Hope, Inspiration, Poetry, Videos

pinkie pattie, pinkie punkie & pinkie pia’s peace day poem

Coincidentally, World Alzheimer’s Day is also the United Nations’ International Day of Peace.

Mom, Pia Roma and I made this video on September 21, 2009, to mark #PeaceDay. I wore a green ribbon around my left wrist in support of the revolution that was happening in Iran that summer.

Mom had been showing symptoms of Alzheimer disease since 2006, and she momentarily forgot Pia’s name when we were making the video. But she clearly articulated the meaning of peace in a few words: “Love your neighbours in all the countries,” she said.

What a tragedy that so many people, including too many world leaders seem to have forgotten what peace means, when my mom, who lived with dementia, knew it very well until the end.

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Advocacy, Life & Living, Poetry

tears to my eyes

This is a poem about the sad state of world affairs, and about missing my mom who died a year ago.

tears to my eyes

©2017 punkie

Dedicated to my mom, Patty, September 27, 1928 – August 17, 2016.

tears fall when the sun sets
well up at its rise
the least little thing
makes me wanna cry

floods, fire and famine
the rapes and the wars
drugs, death, and destruction
know nothing of doors

the poor and the tortured
sail boats in rough seas
the old and infirm
fall down on their knees

the sailors soon drown
in their thousands unrescued
the diseased and disabled
suffer the likes of ceausecu

haters in cars kill
women in streets
fly nazi flags
as the president bleats

“the news is all fake,”
he claims in a tweet
to the cheers of alt-rights
while the rest of us weep

“red, white, and blue,”
great patriots say
blacks, muslims, and jews
well, they’re not so okay

our climate is changing
mother earth has a fever
woe is me! a denier
has a hand on the lever

bodies split open
insides wide exposed
push nuclear buttons
make people explode

the wrongs I am seeing
I wanna forget
but how can i? who would?
with so much blood being let?

if there’s a god
in some heaven above
i hope she soon sends us
a whole whack of doves

i long for a taste
of afternoon tea
with gingersnap cookies
and love taps on my knee

a kitten, a mitten,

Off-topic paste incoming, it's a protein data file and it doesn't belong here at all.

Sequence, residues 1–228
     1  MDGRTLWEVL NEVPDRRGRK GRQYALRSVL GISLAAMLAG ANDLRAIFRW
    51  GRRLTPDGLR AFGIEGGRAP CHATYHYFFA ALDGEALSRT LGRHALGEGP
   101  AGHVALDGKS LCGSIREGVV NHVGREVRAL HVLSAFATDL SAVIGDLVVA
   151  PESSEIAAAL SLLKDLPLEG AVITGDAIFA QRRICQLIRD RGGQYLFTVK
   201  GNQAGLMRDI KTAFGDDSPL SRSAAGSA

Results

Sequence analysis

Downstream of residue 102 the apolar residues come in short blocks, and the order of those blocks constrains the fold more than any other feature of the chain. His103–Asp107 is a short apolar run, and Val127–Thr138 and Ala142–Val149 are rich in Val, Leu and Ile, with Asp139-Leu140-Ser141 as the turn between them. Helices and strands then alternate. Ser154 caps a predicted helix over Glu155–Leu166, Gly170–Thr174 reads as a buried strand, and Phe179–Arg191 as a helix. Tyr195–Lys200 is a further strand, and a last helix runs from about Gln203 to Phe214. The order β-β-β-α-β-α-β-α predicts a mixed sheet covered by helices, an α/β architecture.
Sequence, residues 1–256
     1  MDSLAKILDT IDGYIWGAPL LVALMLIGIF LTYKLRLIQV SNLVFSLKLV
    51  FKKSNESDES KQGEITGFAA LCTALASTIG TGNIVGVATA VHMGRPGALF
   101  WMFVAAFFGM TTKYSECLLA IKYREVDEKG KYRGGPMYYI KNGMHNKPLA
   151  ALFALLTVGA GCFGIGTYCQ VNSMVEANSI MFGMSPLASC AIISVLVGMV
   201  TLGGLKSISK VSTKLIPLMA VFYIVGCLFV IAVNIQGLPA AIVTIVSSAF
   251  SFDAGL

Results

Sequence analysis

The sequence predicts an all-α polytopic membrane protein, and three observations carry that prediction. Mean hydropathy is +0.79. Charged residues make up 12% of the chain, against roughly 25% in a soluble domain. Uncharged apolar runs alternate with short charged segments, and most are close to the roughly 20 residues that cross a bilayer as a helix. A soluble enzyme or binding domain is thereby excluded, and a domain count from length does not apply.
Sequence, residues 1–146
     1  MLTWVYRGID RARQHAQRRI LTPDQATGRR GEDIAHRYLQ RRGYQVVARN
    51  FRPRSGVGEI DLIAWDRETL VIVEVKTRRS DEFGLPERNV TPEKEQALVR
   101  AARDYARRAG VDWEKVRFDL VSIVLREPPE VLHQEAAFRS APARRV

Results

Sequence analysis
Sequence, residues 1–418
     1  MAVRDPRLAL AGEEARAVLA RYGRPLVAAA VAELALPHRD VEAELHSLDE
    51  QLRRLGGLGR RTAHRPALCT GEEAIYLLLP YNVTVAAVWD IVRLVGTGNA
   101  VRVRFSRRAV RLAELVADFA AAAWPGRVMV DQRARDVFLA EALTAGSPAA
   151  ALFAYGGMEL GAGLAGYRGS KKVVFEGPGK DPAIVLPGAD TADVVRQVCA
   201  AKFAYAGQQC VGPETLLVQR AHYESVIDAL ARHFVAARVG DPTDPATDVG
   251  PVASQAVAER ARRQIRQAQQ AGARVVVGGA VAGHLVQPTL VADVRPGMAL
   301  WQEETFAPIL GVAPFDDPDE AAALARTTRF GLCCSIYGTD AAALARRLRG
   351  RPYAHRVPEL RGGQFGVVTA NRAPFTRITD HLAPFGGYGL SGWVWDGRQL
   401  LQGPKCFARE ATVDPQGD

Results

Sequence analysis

a bird on the wing
your face, peaceful space,
and how we used to sing

the world has gone crazy
it’s crystal, it’s clear
hold on tight, don’t let go
to that which is dear

treasure the moments
laugh while you can
time runs through fingers
like hourglass sand

one year ago here
a part of me died
now everything, always
brings tears to my eyes


©2017 Susan Macaulay. I invite you to share my poetry widely, but please do not reblog or copy and paste my poems into other social media without my permission. Thank you.

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Life & Living, Memories, Videos

5 years ago there was war and peace

Mom & I wearing green ribbons in support of the Green Revolution in Iran (2009)
Mom & I wear ribbons in support of the Revolution in Iran (September 20, 2009)

September 20, 2014: On June 20, 2009, people around the world watched one young woman die in the streets of Tehran in the midst of a revolution. Her name was Neda Agha Soltan. Her story is here. Time described her killing as “probably the most widely witnessed death in human history.” Neda’s dying breath still resonates in the hearts and minds of millions of Iranians.

During the summer of 2009, when Mom was in the early stages of Alzheimer’s disease, she and I made a trio of videos. I asked her what she would say to the government of Iran, what she thought of a government that would torture its own people and what she would say to a victim of torture. Despite living with dementia, she was focused, articulate and spot on in her responses. Here’s how she answered the first question:


She had no problem discerning right from wrong, and she was crystal clear about what people must do to make positive change. In one of the blog posts that accompanied the videos I wrote:

“She knows it takes strength and conviction to stand up and fight for what you believe in. It may even take a revolution. But in the end, if you have enough determination, you will prevail.”

Five years ago today, on September 20, 2009, Mom and I tied green ribbons around our wrists because we both believe people should live together in peace and harmony. Somebody took the picture above. At the time, there was a tentative peace between me and my only other sibling. Now there is nothing but ongoing war.

Ironically, our family has been torn apart over the issue of my mother’s care, and sadly, our situation is not unique. I am fiercely determined and have no doubt in my ability to create change, but I fear it will be too late for my Mom. My hope is others will benefit from the sharing of our experience, the fruits of my ongoing advocacy and the echo of my mother’s voice long after she’s gone.

There is a reason for everything. There is purpose in the telling of this story. I hope it touches and inspires you and many others.

September 20, 2014

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